Deelouise77 Mon 13-Mar-17 22:12:08

I am also following this thread as am considering this option too. I'm weighing up whether to do the digital mums course or another considerably cheaper one I've found so wondered whether anyone has any input on this? smile

NooNooMummy Tue 14-Mar-17 10:36:45

Two words: Digital Mums
(I've heard nothing but good things about them from people who've trained with them)

GrumpyOldBag Sat 18-Mar-17 13:53:09

I have worked with a "Digital Mums" graduate and was impressed with her.

AnisQiz Tue 04-Apr-17 20:06:18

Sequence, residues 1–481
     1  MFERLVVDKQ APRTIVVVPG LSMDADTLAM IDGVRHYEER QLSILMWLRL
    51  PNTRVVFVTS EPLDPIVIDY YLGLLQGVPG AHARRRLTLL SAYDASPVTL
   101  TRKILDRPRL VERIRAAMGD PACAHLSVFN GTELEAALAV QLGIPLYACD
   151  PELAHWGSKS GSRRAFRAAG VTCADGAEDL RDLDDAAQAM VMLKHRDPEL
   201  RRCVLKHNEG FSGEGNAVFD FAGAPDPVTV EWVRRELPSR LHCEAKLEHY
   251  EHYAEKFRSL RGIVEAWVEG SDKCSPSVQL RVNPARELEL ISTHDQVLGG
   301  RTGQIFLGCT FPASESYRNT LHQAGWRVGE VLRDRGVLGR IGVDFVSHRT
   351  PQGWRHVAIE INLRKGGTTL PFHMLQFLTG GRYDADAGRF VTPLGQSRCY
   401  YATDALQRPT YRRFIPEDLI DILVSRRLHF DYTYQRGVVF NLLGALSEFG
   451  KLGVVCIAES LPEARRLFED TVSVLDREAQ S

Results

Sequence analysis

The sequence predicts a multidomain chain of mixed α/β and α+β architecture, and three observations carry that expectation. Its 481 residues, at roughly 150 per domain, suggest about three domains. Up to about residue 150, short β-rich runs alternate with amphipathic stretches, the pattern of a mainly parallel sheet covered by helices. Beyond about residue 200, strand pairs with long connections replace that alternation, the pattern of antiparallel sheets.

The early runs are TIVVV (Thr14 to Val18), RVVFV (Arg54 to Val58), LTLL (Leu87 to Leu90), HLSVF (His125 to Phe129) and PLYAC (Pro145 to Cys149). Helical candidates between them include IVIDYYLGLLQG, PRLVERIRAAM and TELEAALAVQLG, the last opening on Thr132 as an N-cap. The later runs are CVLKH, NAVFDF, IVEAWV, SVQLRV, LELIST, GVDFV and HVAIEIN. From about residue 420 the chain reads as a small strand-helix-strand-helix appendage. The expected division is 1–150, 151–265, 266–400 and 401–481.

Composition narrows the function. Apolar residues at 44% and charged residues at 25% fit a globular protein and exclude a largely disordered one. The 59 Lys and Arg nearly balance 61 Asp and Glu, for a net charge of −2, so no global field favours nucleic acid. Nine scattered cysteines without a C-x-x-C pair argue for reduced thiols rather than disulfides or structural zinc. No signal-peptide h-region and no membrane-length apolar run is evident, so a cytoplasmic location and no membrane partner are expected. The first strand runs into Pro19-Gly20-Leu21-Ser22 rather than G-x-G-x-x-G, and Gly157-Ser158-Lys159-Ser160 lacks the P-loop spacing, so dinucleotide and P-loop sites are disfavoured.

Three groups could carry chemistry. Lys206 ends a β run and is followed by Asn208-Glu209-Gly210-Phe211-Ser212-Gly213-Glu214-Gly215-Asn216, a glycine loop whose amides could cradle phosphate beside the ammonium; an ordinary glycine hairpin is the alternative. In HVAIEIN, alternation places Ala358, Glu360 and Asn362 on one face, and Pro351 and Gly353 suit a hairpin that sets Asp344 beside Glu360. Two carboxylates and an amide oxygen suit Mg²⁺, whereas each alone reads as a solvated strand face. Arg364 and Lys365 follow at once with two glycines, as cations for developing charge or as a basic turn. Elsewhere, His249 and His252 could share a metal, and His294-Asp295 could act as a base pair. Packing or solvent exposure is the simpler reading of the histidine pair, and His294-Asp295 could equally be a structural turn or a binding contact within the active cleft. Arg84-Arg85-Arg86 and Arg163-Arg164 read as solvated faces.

Hi Orangesunset. Facebook are investing encouraging women to learn how to use facebook.

I know three ladies who've set up their own social media managing businesses. They're doing quite well. One focuses on serving a niche audience of authors and coaches. The focusing has helped her enormously. ANother one focused on becoming really good at one platform, eg: Snapchat. So she's the go-to person on that. Focusing makes it easier for people to get why they're different.

None of them did degrees. Also developing copywriting skills, will help. You can learn a lot from Xx

LouLouLove Sun 07-May-17 20:27:10

try these guys,